Byline: Graham Grant y Home Affairs Editor
SCOTLAND'S rank and file police officers will be barred from protecting themselves using Taser stun guns - to safeguard criminals' human rights.
A trial was launched by Strathclyde Police two years ago which saw ordinary beat bobbies take the weapons on patrol.
Fifty officers were armed with the electric stun guns while they carried out their regular day-to-day duties.
An initial evaluation report earlier this year was positive, leading to speculation the use of Tasers could be seen more widely - but police chiefs have dropped the idea after negative legal advice.
Lawyers warned that the 'right to life' under the European Convention on Human Rights (ECHR) could be breached. R
Last night there was anger among beat bobbies that human rights legislation had derailed plans for an extension of Taser use when Scotland's single police force is launched next April.
Brian Docherty, chairman of the Scottish Police Federation, said: 'It is disappointing to say the least that the ECHR seems to apply to just about everyone - apart from police officers.
'Our primary concern is for officers' safety and this report has very positive findings. But again we're seeing a big difference between the "human rights" of officers and those of the people they deal with - sometimes violent criminals.'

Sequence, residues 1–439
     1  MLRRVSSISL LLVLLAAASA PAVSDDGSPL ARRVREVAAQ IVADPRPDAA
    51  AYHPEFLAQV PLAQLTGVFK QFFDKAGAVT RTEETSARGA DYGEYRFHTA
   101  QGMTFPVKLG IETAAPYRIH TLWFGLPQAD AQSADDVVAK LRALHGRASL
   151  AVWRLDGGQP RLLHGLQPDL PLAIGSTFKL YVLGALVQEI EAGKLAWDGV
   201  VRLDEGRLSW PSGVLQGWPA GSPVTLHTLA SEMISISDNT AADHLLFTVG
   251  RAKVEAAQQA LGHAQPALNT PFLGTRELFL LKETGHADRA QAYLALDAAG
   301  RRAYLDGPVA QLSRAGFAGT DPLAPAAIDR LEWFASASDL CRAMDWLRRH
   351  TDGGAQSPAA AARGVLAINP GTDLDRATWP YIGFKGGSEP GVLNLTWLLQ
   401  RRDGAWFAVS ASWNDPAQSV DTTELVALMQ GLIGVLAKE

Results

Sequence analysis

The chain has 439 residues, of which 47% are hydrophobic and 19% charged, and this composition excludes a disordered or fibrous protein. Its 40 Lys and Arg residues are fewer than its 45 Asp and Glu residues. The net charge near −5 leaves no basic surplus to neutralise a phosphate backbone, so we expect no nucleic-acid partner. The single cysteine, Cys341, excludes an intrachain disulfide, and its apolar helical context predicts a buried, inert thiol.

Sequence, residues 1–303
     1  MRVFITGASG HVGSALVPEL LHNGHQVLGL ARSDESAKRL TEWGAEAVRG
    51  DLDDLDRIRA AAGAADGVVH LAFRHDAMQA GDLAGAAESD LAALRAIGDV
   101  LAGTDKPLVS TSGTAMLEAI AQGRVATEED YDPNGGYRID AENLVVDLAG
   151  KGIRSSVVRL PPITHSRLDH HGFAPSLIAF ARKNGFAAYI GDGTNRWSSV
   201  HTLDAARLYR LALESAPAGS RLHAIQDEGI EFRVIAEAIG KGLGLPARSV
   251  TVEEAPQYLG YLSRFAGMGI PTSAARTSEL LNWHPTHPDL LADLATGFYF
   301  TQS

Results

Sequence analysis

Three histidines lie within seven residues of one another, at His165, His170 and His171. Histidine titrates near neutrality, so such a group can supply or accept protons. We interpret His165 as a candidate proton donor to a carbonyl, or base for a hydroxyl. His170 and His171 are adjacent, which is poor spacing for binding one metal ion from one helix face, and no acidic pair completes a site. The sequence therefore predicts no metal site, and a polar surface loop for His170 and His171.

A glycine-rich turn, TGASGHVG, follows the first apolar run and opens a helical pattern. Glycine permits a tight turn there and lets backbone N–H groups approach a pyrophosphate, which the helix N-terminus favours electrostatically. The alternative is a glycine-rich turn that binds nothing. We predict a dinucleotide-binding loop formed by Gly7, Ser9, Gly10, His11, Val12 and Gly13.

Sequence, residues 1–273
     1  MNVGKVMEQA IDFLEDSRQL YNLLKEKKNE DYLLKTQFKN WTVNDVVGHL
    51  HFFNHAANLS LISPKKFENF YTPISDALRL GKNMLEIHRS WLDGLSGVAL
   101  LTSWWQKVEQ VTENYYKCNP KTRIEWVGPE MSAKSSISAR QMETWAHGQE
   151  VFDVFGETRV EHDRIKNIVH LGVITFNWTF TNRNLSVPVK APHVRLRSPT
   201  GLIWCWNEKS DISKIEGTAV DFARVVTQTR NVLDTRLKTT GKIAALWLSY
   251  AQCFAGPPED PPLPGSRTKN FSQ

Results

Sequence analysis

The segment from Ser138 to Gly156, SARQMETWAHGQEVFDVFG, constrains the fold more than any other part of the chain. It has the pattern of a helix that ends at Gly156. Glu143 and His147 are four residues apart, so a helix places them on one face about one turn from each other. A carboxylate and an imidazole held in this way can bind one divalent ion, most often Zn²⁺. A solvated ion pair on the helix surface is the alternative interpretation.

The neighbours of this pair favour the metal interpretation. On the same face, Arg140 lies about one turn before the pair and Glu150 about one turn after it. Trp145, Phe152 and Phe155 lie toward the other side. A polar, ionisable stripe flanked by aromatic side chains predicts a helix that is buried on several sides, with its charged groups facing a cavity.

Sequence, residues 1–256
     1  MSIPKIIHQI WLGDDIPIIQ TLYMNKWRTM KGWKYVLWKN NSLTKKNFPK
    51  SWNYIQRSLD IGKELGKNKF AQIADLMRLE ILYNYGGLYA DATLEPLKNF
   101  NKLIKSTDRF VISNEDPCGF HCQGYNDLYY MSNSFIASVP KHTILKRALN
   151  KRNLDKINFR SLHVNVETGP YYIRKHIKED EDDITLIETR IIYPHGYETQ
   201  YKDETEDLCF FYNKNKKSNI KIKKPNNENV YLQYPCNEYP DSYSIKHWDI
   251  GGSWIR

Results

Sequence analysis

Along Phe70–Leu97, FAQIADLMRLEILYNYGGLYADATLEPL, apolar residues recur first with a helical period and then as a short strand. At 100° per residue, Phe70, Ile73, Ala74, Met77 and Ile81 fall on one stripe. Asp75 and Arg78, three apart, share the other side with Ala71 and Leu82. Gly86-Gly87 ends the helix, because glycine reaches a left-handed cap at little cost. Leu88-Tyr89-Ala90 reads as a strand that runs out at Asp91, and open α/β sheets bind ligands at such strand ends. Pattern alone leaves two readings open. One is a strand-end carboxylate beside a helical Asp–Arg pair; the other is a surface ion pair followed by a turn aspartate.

Tasers, which can deliver disabling 50,000-volt shocks by firing electric barbs up to 35ft, were previously given only to a relatively small number of trained firearms officers.
The Strathclyde trial was the first time that ordinary beat officers in Scotland were allowed to carry the devices during their normal duties.
But Amnesty International in Scotland claimed the Strathclyde project had breached European human rights laws and voiced concern over a possible extension of the scheme.
A report by the University of the West of Scotland and the Scottish Institute for Policing Research found nearly 80 per cent of people in a survey across the force area 'strongly agreed' with arming some beat bobbies with Tasers.
Experts said the 'specially trained officers (STOs) who took part in the Strathclyde pilot made proportionate and sensible judgments about the deployment of Taser'.
In one of the subdivisions involved in the Taser pilot scheme, assaults on police fell by about 48 per cent between 2009 and 2010, from 84 to 44, compared with a force-wide average decline of around 12 per cent.
The report found that 'the sight of the reflective vests worn and of the Taser itself could prove beneficial in defusing potentially violent situations'.
But the evaluation report also 'raised a number of legal questions around compliance with Article 2 of the ECHR in relation to lawful …